Name: Xiphactinus‭ (‬Sword Ray‭)‬.
Phonetic: Zif-ack-tih-nus.
Named By: Joseph Leidy‭ ‬-‭ ‬1870.
Classification: Chordata,‭ ‬Actinopterygii,‭ ‬Osteoglossomorpha,‭ ‬Ichthyodectiformes,‭ ‬Ichthyodectidae,‭ ‬Ichthyodectinae.
Species: X.‭ ‬audax,‭ ‬X.‭ ‬vetus.
Type: Carnivore.
Size: 4‭ ‬to‭ ‬6‭ ‬meters long.
Known locations: USA,‭ ‬Alabama,‭ ‬Georgia,‭ ‬Kansas.‭ ‬Europe.‭ ‬Australia.‭ ‬Canada.
Time period: Coniacian through to the Maastrichtian of the Cretaceous.
Fossil representation: Many specimens from across the globe.

       The broad range of fossils discovered around the world suggests that the bony fish Xiphactinus had a cosmopolitan distribution.‭ ‬A comparable similar fish with regards to appearance is the modern day Tarpon.‭ ‬Although Tarpon are not related to the ancient Xiphactinus,‭ ‬their streamlined bodies and strongly upturned mouths bear a striking resemblence.
       One important difference between the two fish are the enlarged teeth present in Xiphactinus fossils.‭ ‬If Xiphactinus failed to swallow its prey in one go,‭ ‬the teeth would have dug in preventing its prey from escaping,‭ ‬allowing Xiphactinus to steadily slide its prey into its mouth,‭ ‬one bite at a time.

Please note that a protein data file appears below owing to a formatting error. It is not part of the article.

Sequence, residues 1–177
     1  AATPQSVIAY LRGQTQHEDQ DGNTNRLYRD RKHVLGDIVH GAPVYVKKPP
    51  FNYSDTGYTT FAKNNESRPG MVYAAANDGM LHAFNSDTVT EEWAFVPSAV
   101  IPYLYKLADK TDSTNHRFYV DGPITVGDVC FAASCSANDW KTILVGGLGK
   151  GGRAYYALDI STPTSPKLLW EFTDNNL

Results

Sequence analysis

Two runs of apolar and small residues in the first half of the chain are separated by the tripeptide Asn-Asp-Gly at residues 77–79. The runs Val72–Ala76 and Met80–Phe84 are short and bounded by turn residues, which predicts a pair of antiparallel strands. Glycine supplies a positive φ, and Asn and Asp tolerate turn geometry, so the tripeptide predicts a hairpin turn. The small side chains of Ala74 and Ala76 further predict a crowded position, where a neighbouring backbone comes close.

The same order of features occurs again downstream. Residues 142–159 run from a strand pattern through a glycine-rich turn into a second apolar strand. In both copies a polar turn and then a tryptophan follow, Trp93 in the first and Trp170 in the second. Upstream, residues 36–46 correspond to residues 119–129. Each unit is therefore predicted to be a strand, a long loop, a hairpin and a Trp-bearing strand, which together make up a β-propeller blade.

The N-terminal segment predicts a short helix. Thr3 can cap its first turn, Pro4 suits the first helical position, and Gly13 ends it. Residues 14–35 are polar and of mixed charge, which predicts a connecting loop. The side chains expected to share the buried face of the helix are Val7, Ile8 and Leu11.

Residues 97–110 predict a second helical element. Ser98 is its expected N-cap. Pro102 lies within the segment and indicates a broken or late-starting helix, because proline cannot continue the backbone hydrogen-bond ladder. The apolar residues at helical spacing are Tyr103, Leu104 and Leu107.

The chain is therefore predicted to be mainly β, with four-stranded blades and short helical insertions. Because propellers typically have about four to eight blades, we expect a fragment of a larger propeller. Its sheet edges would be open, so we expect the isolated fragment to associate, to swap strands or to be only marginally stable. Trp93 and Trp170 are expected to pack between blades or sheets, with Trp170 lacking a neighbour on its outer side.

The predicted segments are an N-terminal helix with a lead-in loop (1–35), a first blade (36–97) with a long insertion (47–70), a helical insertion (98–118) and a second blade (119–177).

The discovery of a two meter Gillicus arcuatus inside the fossil of a Xiphactinus twice its size is proof that it was a formidable predator,‭ ‬although it is thought that the Xiphactinus may have died from internal injury due to the Gillicus struggling inside of it,‭ ‬explaining why the Gillicus was not digested.‭ ‬Xiphactinus was however also preyed upon by other larger predators as evidenced in a fossil of the shark Cretoxyrhina at least one specimen of which has been found with a large Xiphactinus inside of it.‭ ‬Another shark active in the Western Inland Seaway,‭ ‬‬Squalicorax,‭ ‬also exhibits Xiphactinus remains inside of its own.


Random favourites